The gore pro hood gives me all the protection and added warmth I need if I ever find myself in need. But I agree with the sentiments above that the helmet by itself provides alot of warmth to begin with.
post #9 of 13
I used an Atom LT hoody on a -5 day at Red as extra insulation over my helmet on the chairlift and sure appreciated it. OTOH, I don't usually need any insulation over my helmet, and my hooded outer shell is usually a touch more comfortable with a non-hooded midlayer.
post #10 of 13
Many of my mid-layers have hoods. I wear them by themselves around town and under my hooded shell. I really don't see why I woulld pull the hood out and put over my helmet. Sometimes the mid-layer hoods are huge and don't fit the best under the shell so well. I have a Fission SV that I wear or stupid cold days.
post #11 of 13

I use a non-hooded midlayer with a hooded outer shell, and I do often use the shell's hood when the wind is blowing hard. Having a large hood over the helmet is a game changer as far as comfort goes. Even though the helmet provides some warmth, a hood over the helmet blocks out the cold air from your cheeks and neck. Having a double hood seems like it would be way too bulky though.

 

However, I prefer a breathable midlayer, such as powerstretch or fleece, rather than down or synthetic. When I'm skiing hard and working up a sweat, opening your outer shell layer's pitzips or front zipper doesn't do much to vent your torso if your midlayer has its own shell.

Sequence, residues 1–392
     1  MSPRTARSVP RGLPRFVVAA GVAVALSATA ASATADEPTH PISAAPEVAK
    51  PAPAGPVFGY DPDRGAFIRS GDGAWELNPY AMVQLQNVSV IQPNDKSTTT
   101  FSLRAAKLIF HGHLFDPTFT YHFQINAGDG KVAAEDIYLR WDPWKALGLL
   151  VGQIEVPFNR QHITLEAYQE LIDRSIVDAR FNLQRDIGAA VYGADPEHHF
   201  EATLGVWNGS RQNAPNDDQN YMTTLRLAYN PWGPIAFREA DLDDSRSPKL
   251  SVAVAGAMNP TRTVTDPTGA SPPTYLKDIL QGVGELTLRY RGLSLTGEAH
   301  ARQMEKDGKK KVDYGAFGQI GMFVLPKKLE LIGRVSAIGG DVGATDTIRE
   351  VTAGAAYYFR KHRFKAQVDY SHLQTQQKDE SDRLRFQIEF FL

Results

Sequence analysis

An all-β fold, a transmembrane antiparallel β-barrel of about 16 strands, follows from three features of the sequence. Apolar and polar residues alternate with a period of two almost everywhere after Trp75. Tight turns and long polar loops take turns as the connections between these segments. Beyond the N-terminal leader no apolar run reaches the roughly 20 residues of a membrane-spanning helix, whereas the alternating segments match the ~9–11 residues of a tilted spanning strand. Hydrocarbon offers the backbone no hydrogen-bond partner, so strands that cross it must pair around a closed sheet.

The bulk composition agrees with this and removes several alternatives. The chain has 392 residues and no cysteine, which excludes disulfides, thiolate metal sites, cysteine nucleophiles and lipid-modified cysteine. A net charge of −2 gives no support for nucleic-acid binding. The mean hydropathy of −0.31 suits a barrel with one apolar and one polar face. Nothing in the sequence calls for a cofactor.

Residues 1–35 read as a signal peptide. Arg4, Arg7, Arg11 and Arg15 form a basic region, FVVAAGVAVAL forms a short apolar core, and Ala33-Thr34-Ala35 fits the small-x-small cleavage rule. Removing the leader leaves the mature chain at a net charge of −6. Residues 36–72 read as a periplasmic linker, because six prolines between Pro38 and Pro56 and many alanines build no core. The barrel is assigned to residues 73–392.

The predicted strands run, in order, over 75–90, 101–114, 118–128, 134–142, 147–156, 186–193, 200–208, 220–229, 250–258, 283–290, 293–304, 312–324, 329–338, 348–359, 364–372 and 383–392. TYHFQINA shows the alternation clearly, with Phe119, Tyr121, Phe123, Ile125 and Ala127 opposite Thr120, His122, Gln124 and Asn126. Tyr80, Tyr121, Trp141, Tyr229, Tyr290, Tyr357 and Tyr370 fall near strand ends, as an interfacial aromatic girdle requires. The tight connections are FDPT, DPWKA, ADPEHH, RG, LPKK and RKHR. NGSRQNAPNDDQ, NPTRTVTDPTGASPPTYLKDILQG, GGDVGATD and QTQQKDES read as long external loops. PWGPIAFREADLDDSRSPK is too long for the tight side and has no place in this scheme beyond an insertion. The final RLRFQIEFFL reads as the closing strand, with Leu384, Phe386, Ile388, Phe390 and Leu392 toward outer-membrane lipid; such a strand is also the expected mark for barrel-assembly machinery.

post #12 of 13

I wear the Patagonia Nano Puff w hoodie as a mid layer on colder days.  The hood fits snugly under my helmet and is super comfy.  You may need a little extra room in your helmet, but with the thickness of the hood on the nano puff it's not an issue for me.  There is no vision obstruction like you might get when using the hoodie on your shell or outer layer.  It seals in the back of your neck and I zip up the front to provide some face coverage.  You can still use the vents to release the extra BTUs when needed.

 

I know, it's pretty dorky, but most of the time you wouldn't know the hood is is under there.   There have been mornings where I roll out of my sleeping bag with hood up, throw on an outer layer and the helmet and I'm good to go.

 

That said, the nano puff is lightweight for a mid-layer.  If you really want a cold weather set up, I'd recommend looking at a heavyweight base layer with build in "scuba-like" hood combined with a non-hooded insulated mid-layer under your outer layer.  

 

As far as outer layer hoodies over the helmet go, I like a hood over helmet for the lift ride, but I won't ski with it up.  I agree - hood over helmet restricts sensory perception and should be avoided.

post #13 of 13
Quote:
Originally Posted by Toecutter View Post

I use a non-hooded midlayer with a hooded outer shell, and I do often use the shell's hood when the wind is blowing hard. Having a large hood over the helmet is a game changer as far as comfort goes. Even though the helmet provides some warmth, a hood over the helmet blocks out the cold air from your cheeks and neck. Having a double hood seems like it would be way too bulky though.

However, I prefer a breathable midlayer, such as powerstretch or fleece, rather than down or synthetic. When I'm skiing hard and working up a sweat, opening your outer shell layer's pitzips or front zipper doesn't do much to vent your torso if your midlayer has its own shell.
The synthetic insulation vest is a good insulator and allows one to dump heat via pit zips. Wear one on many days, except the coldest days warrant more insulation in sleeves.